The IT Director - Paul Myers, Sipsco Plc

Every once in a while and strictly for kicks, Charles Williams, the CEO, will ask his IT director Paul Myers what he thinks of something vaguely abstruse, arty and creative.

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Last Updated: 31 Aug 2010

Invariably, the latter starts with: 'Well, it's not really my area, but ...' and ends buried in a landslide of dissembling waffle. Williams lives in hope that one day Myers will opt for honesty and reply: 'Does it involve IT? No ... well, in that case I'm not really interested.' Williams's ribbing is born of a soft spot and a respect for the man's abilities. The same can't be said for the rest of the board.

On the board of Sipsco, the soft drinks multinational, Myers sticks out like a sore thumb. The FD and marketing director are old City pals; the MD and operations director belong to the same club, and most of the NEDs are nodes on the Old Boys' network. They are cut from the same pinstriped cloth. Myers, by contrast, looks more like a geography teacher - and his only real boardroom buddy is an academic non-exec, a professor from Warwick University who makes half a dozen appearances a year, leaving Myers a man apart.

Unlike the rest of the board, he never expected to be a director. His route to the top wasn't particularly odd - it's just that when he started out, the path he chose didn't lead to such rarefied heights. Bright and mathematically gifted, he kicked off by studying electronics at UCL, drifting into the newish field of computer science. After an MA there, he joined his sponsors, ICL, as a graduate trainee, where he usefully spent five years before being poached by Cambridge microcomputer pioneers Acorn, back when it looked like Britain might have an international computer industry of its very own.

Myers didn't get on at Acorn, being one of the few who argued against the strategy that eventually led to its quitting home computing. No matter, the bleak days of the early '80s were fertile ground for those in his field, and when he jumped ship from his little frigate he landed on the Big Blue deck of the aircraft carrier that was IBM. It was here that he met the future Mrs Myers, a geekette considered quite a catch in data-storage circles. His successful wooing of her earned him the enduring hatred of an entire optical research lab.

Although not exactly thrusting, Myers was pretty savvy and understood where technology was going. Five years on, he could see that Big Blue was looking a bit shabby and consultancy was a growth area. He joined NuSys, a medium-sized IT consulting group. The money was good and the work varied, but then Myers was seconded to Sipsco, the drinks giant, when it was installing an entirely new system. So impressed was Sipsco with his work that it made him an offer he couldn't refuse.

But just as he'd settled in as head of IT at Sipsco, the dot.com boom got going. Suddenly, spods were gods and Myers' personal stock hitched a ride on that bandwagon. Pre-boom, he was largely unknown outside the third floor. Then the VC carpetbaggers came calling. In his best week, Myers had no fewer than six job offers, all larded with the rich promise of options beyond his wildest dreams. He still smiles when he remembers an online dog food retailer that (briefly) valued itself at £300 million; the City would later value it at closer to £0.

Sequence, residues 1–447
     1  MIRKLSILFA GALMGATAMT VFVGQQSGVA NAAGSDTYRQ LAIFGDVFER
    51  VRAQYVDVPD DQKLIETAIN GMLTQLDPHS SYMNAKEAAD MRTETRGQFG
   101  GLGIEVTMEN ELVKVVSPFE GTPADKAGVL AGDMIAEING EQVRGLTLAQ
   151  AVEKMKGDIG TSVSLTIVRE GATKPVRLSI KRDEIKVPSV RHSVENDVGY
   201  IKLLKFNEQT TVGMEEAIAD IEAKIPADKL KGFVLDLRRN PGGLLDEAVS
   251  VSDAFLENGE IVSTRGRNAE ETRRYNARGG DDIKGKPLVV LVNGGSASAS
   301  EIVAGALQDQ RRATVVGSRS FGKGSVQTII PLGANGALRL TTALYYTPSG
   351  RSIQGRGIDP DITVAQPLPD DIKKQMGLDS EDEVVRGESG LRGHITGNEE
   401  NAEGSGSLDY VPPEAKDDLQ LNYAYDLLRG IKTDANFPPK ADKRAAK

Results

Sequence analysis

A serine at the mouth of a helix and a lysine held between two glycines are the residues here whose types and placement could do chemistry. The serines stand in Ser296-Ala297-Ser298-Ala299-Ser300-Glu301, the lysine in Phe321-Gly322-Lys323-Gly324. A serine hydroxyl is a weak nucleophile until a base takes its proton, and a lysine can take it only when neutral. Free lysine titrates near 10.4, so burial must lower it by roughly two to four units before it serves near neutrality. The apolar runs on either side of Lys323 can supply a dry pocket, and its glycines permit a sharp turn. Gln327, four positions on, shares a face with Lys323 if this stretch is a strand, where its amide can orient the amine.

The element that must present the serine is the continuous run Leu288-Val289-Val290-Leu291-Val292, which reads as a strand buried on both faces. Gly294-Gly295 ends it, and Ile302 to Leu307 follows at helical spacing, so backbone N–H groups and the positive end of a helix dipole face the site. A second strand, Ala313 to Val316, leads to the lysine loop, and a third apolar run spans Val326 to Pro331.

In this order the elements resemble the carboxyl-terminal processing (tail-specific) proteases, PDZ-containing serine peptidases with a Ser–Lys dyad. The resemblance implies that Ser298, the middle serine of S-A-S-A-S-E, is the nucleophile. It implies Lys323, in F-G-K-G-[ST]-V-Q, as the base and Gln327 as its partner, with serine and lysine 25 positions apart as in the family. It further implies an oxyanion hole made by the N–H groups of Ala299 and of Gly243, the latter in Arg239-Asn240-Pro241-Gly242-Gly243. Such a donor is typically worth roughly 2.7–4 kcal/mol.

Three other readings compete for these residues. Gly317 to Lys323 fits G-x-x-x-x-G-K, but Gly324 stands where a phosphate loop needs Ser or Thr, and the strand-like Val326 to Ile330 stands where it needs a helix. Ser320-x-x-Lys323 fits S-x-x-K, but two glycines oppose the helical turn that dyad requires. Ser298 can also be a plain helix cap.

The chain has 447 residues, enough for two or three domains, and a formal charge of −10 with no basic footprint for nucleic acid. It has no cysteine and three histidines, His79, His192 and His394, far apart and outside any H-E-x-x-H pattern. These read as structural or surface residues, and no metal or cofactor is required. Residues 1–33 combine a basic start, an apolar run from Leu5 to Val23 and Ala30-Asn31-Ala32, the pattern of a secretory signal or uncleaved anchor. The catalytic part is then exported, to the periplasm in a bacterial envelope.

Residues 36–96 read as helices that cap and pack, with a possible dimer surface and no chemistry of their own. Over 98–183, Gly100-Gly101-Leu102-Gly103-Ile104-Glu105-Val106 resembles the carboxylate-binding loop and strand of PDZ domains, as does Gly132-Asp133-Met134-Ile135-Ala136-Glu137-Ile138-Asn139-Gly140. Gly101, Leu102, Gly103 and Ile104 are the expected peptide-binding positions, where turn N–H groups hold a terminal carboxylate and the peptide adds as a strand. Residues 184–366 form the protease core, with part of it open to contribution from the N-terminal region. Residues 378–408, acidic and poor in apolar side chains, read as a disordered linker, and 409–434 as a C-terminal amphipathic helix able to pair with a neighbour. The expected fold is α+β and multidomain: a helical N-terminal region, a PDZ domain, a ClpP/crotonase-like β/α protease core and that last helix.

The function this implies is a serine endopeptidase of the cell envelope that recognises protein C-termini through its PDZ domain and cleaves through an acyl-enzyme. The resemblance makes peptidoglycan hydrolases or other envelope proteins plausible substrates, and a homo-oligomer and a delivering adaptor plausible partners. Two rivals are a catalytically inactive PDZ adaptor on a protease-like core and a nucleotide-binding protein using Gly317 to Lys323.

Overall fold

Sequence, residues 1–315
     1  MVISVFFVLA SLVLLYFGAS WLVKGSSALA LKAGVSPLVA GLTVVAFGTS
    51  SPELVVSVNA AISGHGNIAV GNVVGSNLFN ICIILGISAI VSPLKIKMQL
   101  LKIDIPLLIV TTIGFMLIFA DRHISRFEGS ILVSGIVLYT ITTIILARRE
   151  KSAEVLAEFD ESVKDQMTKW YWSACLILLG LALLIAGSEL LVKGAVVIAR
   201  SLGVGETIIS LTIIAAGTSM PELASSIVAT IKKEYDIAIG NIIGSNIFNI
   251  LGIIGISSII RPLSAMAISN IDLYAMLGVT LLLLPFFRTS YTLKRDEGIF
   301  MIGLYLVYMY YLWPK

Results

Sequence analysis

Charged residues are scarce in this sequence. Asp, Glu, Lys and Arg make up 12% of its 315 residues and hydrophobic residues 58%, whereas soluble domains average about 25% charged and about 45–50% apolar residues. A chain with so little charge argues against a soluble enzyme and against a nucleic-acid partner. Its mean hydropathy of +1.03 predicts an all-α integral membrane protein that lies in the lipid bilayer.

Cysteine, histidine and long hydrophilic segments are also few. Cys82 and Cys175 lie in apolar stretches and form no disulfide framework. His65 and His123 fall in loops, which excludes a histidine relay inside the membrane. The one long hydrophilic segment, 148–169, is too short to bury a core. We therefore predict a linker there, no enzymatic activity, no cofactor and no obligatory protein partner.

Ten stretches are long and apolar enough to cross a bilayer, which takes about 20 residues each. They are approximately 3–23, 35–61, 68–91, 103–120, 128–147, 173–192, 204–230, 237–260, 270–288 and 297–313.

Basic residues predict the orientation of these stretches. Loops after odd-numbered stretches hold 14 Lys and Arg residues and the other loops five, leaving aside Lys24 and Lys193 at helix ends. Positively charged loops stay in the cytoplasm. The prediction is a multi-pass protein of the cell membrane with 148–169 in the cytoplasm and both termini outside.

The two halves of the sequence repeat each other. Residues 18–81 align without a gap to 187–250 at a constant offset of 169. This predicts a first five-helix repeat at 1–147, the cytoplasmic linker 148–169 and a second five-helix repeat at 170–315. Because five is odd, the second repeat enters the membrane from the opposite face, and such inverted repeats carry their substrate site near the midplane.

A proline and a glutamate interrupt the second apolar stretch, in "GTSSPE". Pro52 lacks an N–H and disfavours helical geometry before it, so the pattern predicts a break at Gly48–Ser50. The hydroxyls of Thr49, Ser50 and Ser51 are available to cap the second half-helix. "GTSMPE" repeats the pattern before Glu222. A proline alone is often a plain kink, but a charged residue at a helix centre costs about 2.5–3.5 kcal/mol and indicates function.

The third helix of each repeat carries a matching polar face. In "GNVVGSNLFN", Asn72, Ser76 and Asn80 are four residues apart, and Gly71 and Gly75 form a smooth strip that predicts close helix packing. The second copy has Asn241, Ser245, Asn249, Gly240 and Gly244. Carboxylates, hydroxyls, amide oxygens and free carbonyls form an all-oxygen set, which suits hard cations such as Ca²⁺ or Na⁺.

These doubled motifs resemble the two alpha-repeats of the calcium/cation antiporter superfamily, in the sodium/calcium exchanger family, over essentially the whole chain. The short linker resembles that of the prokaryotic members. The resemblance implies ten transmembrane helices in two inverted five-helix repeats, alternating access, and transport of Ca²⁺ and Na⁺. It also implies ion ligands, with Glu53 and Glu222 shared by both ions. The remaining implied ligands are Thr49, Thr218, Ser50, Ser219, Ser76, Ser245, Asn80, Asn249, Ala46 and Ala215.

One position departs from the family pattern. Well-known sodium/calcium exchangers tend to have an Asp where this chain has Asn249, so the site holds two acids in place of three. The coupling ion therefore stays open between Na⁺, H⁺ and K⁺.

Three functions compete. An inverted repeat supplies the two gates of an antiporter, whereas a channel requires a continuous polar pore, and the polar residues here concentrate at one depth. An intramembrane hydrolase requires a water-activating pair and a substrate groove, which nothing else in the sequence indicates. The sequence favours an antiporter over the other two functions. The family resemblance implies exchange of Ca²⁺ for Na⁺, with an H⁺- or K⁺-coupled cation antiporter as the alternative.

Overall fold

Though many called him stodgy at the time, Myers resisted the siren calls of all dot.comers. His loyalty to his employer came at a price to the firm, though. Out went the head of IT and, in recognition of IT's new 'core status', in came the IT director. His salary went up from the high five figures to a more senatorial six, with the usual tranche of porky executive slops. Indeed, mild-mannered Myers showed a ruthless streak.

His salary nearly trebled, pipping Marketing for the position of third-highest-paid director - and earning the latter's lasting enmity. It would be nice to think that 10 grand here or there would make no difference in the boardroom; on the contrary, there's a playground pecking order any schoolboy would recognise.

And not only does Myers have it, he apparently doesn't care. While the other directors favour the Olympian air of the 12th floor, Myers remains close to 'his people' in the crepuscular warren that is systems down on the third floor, the lord of the geeks. Also, what does he spend his money on? Certainly not clothes; he takes the car allowance and drives a grubby old VW; he lives in a pleasant but unostentatious area; his holidays are modest. Rumour in the boardroom has it that he's saving up for a Cray supercomputer.

What his fellow directors dislike most is Myers' other unique quality.

In all of Sipsco, with its global footprint, its scattered manufacturing and its Amazonian revenue streams, no-one else understands the underlying network in its entirety. His loss would be a disaster. And there is nothing like indispensability to breed contempt.

MYERS IN A MOMENT

1959: Born Boston, Lincolnshire. Educated Boston Grammar, UCL
1980: Joins ICL as a graduate trainee
1985: Project manager, Acorn Computer
1987: Technology strategist, IBM
1990: Consultant, NuSys IT Solutions
1993: Seconded to Sipsco Plc, new systems implementation programme
1995: Head of IT, Sipsco Plc
1999: IT director, Sipsco Plc

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